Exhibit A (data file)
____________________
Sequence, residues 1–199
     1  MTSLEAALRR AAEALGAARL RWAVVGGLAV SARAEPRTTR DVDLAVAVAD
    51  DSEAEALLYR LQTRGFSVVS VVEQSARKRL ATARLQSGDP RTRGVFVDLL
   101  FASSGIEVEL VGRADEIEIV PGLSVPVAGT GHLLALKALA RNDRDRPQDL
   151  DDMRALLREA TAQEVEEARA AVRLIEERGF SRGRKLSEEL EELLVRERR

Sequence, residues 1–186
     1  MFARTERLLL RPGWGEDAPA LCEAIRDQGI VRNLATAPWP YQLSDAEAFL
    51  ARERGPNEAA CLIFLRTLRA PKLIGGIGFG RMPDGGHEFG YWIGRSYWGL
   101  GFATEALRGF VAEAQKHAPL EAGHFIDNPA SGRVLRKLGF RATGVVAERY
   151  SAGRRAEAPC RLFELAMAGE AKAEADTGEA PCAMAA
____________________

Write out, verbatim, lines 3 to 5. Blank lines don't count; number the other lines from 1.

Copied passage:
    51  DSEAEALLYR LQTRGFSVVS VVEQSARKRL ATARLQSGDP RTRGVFVDLL
   101  FASSGIEVEL VGRADEIEIV PGLSVPVAGT GHLLALKALA RNDRDRPQDL
   151  DDMRALLREA TAQEVEEARA AVRLIEERGF SRGRKLSEEL EELLVRERR